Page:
Fossil Fuel Investments Are Burning California Pensioners

Link: https://www.dailyposter.com/fossil-fuel-investments-are-burning-california-pensioners/

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Excerpt:

California’s two biggest pension funds have invested a staggering $43 billion in fossil fuel companies, and their opposition to divesting from the industry — including fighting legislation that would have stopped them investing in firms involved with the controversial Dakota Access Pipeline (DAPL) — has cost retirees and taxpayers billions, research shows.

The findings hammer home the fact that the divestment movement isn’t just about protecting the planet from the worst effects of climate change. With the oil, gas, and coal industries all on the decline, pension funds’ refusal to divest from fossil fuels is also endangering the retirement savings of teachers, government employees, and other rank-and-file public workers who have paid into these funds.

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While it is common knowledge that fossil fuel stocks have underperformed the broader stock market, large bank stocks have been lackluster as well — including the banks that helped finance DAPL.

If CalPERS and CalSTRS had not opposed the original DAPL divestment legislation, they could have instead put pressure on the companies involved not to move forward with the pipeline, and such efforts might have been enough to stop the project, given the pipeline project’s turbulent history.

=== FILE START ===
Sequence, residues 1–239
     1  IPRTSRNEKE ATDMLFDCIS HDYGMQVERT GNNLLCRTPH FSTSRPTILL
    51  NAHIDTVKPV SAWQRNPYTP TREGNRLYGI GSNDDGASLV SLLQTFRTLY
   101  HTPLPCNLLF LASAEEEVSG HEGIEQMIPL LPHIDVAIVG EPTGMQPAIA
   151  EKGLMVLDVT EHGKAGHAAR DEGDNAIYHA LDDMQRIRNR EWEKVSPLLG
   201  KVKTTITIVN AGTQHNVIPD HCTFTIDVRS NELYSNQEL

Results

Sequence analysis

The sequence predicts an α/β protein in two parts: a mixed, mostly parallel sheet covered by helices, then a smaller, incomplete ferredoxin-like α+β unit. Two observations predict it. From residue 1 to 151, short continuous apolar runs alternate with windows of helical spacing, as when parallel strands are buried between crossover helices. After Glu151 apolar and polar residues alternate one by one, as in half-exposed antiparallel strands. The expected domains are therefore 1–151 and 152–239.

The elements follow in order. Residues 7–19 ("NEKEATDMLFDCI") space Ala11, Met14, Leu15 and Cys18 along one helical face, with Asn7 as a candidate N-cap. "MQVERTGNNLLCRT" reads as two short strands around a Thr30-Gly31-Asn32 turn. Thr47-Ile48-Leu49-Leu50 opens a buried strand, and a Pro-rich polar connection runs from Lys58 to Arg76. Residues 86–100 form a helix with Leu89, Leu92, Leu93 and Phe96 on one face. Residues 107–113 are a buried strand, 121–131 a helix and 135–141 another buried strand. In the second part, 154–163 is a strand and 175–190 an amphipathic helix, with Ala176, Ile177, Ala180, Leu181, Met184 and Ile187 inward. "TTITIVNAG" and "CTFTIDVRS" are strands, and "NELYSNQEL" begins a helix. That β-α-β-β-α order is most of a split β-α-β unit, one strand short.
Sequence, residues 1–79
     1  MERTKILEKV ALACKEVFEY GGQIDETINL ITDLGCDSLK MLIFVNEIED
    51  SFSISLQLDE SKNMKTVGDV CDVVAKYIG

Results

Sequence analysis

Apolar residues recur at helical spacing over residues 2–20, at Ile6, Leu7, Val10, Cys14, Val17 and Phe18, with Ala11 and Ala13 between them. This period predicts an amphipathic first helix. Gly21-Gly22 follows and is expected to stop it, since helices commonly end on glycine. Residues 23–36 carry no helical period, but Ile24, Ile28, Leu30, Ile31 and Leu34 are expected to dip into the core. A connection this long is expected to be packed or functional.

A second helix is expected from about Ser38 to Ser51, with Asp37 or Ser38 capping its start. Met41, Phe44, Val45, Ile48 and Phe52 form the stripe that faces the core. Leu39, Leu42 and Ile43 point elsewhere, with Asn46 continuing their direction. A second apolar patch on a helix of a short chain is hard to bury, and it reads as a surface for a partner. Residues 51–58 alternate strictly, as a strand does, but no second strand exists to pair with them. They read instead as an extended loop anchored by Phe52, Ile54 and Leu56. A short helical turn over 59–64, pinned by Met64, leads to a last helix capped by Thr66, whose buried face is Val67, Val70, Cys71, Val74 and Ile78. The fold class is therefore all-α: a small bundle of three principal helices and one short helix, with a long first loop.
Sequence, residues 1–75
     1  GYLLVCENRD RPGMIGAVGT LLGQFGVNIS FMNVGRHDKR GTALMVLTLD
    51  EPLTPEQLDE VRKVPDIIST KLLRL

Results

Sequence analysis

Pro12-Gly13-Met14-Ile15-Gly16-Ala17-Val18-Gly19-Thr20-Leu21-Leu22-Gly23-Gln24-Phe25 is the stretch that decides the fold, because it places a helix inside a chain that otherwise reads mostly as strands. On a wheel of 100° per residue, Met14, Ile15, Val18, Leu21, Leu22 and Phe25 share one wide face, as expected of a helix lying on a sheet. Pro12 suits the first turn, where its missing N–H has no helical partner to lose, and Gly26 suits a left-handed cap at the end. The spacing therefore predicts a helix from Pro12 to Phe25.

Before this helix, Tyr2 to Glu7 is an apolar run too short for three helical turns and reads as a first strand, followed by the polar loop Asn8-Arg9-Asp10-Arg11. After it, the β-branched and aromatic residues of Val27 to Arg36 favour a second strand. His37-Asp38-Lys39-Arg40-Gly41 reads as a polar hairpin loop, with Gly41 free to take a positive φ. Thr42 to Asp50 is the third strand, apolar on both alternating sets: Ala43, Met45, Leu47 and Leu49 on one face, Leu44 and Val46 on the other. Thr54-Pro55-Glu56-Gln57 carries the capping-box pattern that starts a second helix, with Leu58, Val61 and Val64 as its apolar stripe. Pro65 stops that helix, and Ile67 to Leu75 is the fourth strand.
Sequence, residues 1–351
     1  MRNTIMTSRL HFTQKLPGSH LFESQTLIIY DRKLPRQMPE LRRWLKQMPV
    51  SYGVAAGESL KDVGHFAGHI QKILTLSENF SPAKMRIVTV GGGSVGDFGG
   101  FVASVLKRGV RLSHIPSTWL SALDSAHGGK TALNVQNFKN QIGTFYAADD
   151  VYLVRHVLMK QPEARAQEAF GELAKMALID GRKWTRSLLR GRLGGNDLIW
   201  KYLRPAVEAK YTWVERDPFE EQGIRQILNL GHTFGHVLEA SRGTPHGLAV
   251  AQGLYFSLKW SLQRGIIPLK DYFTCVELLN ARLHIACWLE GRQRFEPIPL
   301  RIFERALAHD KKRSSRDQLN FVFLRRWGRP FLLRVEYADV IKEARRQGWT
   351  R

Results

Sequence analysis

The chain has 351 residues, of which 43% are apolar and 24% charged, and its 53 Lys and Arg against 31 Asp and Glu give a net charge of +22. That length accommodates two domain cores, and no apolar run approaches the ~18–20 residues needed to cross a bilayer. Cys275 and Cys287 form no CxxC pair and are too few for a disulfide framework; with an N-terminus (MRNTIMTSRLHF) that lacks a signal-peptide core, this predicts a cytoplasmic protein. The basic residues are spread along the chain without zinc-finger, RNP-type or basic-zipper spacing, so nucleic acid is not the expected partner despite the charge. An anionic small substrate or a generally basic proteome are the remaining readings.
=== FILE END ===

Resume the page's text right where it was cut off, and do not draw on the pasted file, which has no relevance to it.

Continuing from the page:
Author(s): MATTHEW CUNNINGHAM-COOK, ANDREW PEREZ

Publication Date: 11 Jan 2022

Publication Site: The Daily Poster

A Group of Midwestern Retirees Are Trying to Stop Wall Street’s Abuse of Retirement Funds

Link:https://jacobinmag.com/2021/11/ohio-teacher-pensions-hedge-funds-private-equity-strs

Excerpt:

Due to an active group of retirees and the assistance of a former Ohio attorney general, both the Ohio state auditor and the Ohio Department of Securities have launched inquiries into the Ohio State Teachers Retirement System (STRS Ohio), a $100 billion pension that has launched billions of dollars of investments into the riskier corners of the market, namely private equity and hedge funds.

“Ohio could be the first place where the secrecy surrounding public pensions and their investments in risky, speculative, and high-fee investment vehicles could be looked at in a serious way,” said Ted Siedle, a former SEC attorney and longtime pension whistleblower.

Pointing out that pension funds across the country have routinely invoked “trade secrets” exemptions to deny the public information about investment performance and fees, Siedle said the actions taken by the state auditor and securities commissioner “could be the beginning of the end” of such secrecy — not just in Ohio, but nationwide.

Author(s): MATTHEW CUNNINGHAM-COOK

Publication Date: 30 Nov 2021

Publication Site: Jacobin magazine